Maerker and Behr families papers
The collection documents the Holocaust-era experiences of Willy and Else (née Behr) Maerker, originally of Bernburg, Germany, and their children Gerhard and Inge, including their emigration from Germany in 1938. Included are identification and immigration papers, documents regarding Willy’s service in World War I, correspondence, photographs, writings, and born-digital material. The collection also documents the pre-war and wartime experiences of the Behr family, primarily of Mainz, Germany. Many documents in the collection contain translations by Gerhard.
1 book enclosure
- Credit Line
- United States Holocaust Memorial Museum Collection, Gift of Wendy Maerker Harris
Record last modified: 2020-04-21 19:00:58
This page: https://collections.ushmm.org/search/catalog/irn560348
Also in Maerker and Behr families papers
The collection consists of biographical documents, correspondence, photographs, memoirs and family histories, a military medal, and other items related to the history of the Maerker and Behr families, originally of Bernburg and Mainz, Germany. Includes materials related to the emigration of Willy and Else (nee Behr) Maerker, and their children, Gerhard and Inge, from Germany, to escape anti-Semitic persecution, in 1938.
Das Ehrenkreuz des Weltkriegs 1914 1918 [The Honor Cross of World War 1914/1918) awarded for serving in combat in the German Army during the First World War. The award was established by President Paul von Hindenburg, on July 13, 1934. This was the first official WWI service medal of the Third Reich, often referred to by an unofficial name, Hindenburg Cross. Hindenburg, Field Marshal of German forces during WWI, appointed Hitler as Chancellor in January 1933, and soon a Nazi dictatorship ruled the country.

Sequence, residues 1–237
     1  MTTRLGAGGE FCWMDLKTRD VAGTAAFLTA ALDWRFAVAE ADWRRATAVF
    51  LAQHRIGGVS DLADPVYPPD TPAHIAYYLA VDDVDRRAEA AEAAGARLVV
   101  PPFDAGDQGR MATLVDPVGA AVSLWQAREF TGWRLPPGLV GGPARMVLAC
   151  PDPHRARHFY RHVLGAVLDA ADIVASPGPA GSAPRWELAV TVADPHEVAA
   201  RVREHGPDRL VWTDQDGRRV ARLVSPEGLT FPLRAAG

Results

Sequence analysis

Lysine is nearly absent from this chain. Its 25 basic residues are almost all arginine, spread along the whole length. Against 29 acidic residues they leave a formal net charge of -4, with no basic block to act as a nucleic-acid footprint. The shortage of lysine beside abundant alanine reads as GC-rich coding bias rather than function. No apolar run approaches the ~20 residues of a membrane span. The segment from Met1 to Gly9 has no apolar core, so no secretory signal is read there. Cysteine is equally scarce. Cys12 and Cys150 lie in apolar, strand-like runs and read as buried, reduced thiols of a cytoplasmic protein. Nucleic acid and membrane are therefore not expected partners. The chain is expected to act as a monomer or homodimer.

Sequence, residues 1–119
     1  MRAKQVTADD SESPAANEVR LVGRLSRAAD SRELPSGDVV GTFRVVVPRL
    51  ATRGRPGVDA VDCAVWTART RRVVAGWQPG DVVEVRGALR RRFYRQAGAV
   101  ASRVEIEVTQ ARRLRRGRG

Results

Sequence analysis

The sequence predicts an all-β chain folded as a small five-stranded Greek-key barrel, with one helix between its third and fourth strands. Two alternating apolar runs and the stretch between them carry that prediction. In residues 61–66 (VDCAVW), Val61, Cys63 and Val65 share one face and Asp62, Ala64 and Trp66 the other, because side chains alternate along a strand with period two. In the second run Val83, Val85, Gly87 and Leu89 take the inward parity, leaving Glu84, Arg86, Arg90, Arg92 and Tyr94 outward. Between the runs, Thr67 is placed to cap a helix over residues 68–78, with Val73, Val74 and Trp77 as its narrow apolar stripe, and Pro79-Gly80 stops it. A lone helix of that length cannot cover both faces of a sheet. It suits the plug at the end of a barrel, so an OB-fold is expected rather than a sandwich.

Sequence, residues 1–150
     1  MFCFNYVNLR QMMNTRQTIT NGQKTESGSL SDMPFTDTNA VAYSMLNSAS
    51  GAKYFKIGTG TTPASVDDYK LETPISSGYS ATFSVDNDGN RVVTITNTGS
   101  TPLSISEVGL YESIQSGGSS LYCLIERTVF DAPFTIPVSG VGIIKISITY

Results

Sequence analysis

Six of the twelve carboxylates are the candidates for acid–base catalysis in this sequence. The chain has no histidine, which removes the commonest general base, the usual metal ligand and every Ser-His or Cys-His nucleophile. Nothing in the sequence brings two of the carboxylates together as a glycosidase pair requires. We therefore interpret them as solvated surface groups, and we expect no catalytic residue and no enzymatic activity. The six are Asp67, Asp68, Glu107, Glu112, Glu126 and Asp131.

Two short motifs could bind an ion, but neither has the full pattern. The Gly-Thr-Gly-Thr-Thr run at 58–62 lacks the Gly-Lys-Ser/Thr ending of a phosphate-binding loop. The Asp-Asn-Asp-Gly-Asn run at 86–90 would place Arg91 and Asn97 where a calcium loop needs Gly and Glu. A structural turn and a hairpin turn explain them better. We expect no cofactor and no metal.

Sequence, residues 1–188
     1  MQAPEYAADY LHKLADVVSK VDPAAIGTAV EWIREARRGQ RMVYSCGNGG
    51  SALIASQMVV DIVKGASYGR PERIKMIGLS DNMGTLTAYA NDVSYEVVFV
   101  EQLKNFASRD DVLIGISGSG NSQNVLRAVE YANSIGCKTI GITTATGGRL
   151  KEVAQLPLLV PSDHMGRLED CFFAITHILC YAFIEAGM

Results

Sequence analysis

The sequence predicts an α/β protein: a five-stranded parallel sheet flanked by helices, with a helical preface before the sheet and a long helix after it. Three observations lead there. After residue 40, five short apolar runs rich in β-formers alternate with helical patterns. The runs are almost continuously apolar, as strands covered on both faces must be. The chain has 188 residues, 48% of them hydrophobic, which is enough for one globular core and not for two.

Reichsbank note, valued at 1 million marks, distributed in Germany from August to November 1923. German efforts to finance World War I sent the nation into debt. Following their defeat, the Treaty of Versailles obligated Germany to pay reparations to several countries, which increased the nation’s financial struggles. The German government attempted to solve this problem by printing more money, which led to severe inflation. The inflation grew to critical levels between 1922 and1923, when the exchange rate of the mark to the United States dollar went from 2,000 marks per dollar to well over a million in a matter of months. The government printed higher and higher denominations, but was unable to keep up with the plunging rates. Germans began using the worthless bills as kindling, wallpaper, and children’s crafts. The emerging National Socialist German Worker’s (Nazi) Party frequently used the bills to their advantage, writing anti-Semitic messages on them, which blamed Jews for Germany’s financial problems. In order to stabilize the economy, the German government established the Rentenbank. The new Minister of Finance, Hans Luther, created the Rentenmark, which was backed by mortgages on all real property in Germany, rather than gold. The Rentenmark was valued at 4.2 marks to one U.S. dollar, and its introduction on November 16, 1923, successfully ended the inflation crisis. Despite this, the Nazi Party continued to use people’s residual economic fears as a propaganda tool to gain power, eventually leading to Adolf Hitler becoming Chancellor in 1933.